This is a modified version of a piece I wrote for EDGE Magazine that never made it into the paper or onto the website. Normally I'd let it go, but I think this project is really great and Becky Field was amazing to talk to. It is too late at this point to see the show at the library, but her book is still for sale at RiverRun, Gibson's in Concord and online. Proceeds benefit organizations working to support the refugee community. The Levenson Room in the Portsmouth Public Library spent October with walls lined in photos of a little known New Hampshire community. The diverse population depicted in these prints is far from what is expected from a predominantly white state, but the smiles and bright eyes of children, mothers, doctors and brides are entirely familiar. Different Roots, Common Dreams perfectly captures those human moments any New Hampshire resident can relate to.
Different Roots, Common Dreams is a culmination of years of work from photographer Becky Field. For the past two years Peter E. Randall Publishing and Field worked to create a book of her images supplemented by story essays from a few of the faces pictured. A New Hampshire artist working in close contact with immigrant families, Field attends weddings, prayer meetings and family dinners, using her camera as a passport to a unique perspective on a new population. “[Everyone is] very cooperative and helpful,” says Field, “many are exuberant at the idea of getting their photos taken.” The photos show this clearly; one shows a grinning boy leaping in front of the camera. The types of photos are familiar, from wedding shots to senior class portraits. The work isn’t detached or voyeuristic; Field is more welcome part of the community than objective documentarian.
The desire to photograph of life events is just one commonality between the immigrant and “receiving community” (Field’s term for New Hampshire natives). Field found one Hindu ceremony strikingly similar to a Christian communion. “These amazing parallels I see,” Field explains, “[the receiving community can] experience through my lens the depth of thinking that is so similar to ours.”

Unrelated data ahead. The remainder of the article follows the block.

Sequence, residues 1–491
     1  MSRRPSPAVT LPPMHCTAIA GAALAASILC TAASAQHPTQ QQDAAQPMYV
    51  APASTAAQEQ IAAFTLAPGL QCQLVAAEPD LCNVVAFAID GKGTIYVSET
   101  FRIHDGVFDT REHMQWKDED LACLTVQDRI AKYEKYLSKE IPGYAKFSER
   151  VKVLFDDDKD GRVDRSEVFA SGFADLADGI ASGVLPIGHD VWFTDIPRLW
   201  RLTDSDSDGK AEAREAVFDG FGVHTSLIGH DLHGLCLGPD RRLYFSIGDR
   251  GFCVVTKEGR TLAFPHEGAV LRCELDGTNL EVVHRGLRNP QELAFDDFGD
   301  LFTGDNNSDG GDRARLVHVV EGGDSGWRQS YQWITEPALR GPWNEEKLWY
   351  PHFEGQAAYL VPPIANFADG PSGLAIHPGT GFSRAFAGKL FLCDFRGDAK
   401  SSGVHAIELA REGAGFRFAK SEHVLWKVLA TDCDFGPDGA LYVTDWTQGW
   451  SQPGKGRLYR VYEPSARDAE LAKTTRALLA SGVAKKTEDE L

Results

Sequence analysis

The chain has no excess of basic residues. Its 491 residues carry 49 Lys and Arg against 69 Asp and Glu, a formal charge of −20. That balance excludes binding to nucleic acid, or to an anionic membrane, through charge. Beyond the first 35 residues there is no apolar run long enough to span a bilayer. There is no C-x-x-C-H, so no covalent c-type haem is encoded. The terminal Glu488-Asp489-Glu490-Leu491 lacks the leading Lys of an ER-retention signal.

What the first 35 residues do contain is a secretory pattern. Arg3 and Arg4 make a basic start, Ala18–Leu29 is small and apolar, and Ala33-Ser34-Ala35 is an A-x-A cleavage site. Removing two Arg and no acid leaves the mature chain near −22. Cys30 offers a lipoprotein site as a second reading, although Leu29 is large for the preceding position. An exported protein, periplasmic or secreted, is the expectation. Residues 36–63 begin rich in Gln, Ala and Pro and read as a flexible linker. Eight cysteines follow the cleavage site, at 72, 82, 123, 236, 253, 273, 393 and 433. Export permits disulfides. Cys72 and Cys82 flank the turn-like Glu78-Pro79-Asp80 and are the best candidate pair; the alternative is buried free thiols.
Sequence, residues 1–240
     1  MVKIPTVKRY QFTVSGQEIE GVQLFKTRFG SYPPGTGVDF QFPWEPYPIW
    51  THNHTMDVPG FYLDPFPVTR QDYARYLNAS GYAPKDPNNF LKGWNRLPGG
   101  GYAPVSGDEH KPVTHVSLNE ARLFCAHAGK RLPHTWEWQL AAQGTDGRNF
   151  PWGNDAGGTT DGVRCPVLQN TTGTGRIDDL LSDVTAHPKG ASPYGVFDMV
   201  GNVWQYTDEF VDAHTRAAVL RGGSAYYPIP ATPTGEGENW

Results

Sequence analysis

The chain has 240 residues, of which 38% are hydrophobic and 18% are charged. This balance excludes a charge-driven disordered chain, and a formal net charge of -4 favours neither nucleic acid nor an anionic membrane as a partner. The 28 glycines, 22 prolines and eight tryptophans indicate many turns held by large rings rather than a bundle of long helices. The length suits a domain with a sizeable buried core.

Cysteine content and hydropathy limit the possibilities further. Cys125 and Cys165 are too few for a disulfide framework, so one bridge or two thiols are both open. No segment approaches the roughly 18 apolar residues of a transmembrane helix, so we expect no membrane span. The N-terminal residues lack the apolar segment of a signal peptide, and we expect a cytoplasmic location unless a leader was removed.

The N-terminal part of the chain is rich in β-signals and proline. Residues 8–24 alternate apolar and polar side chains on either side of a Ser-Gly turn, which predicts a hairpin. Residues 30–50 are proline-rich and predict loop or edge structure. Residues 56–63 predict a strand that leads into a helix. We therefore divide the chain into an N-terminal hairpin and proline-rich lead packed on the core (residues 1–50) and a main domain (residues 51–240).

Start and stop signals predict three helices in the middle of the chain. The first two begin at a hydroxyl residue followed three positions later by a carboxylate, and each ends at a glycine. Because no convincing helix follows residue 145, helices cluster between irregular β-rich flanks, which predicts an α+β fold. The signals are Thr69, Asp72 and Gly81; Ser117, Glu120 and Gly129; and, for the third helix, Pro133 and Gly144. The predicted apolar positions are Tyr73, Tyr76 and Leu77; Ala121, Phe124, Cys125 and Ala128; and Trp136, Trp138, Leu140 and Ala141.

The project was actually inspired by derogatory graffiti glimpsed on immigrant homes in Concord. “I thought it was a totally inappropriate way to treat new American neighbors,” explains Field. A beacon of relentless positivity, the artist believes the two communities avoid interaction due to a lack of understanding. She aims to highlight elements of immigrant life the receiving community can relate to. She makes it clear that her project has done as much or more for her than for her new neighbors. “I don’t think I was thinking [as deeply] before this project,” she explains, “[it’s] helping me understand my own culture.”
The Portsmouth Public Library was “thrilled” to discover Field wanted them to show her work. “It’s a perfect fit,” states Nicole Cloutier of Special Collections, “We are often called upon to assist new residents with aspects of getting settled and finding their way in the community.” Field’s honest, universal images work within the goal of helping the refugee community. Different Roots, Common Dreams, is an apt title for a project that allows us to understand without embarrassment, inspiring us to examine our own culture through the lens of another.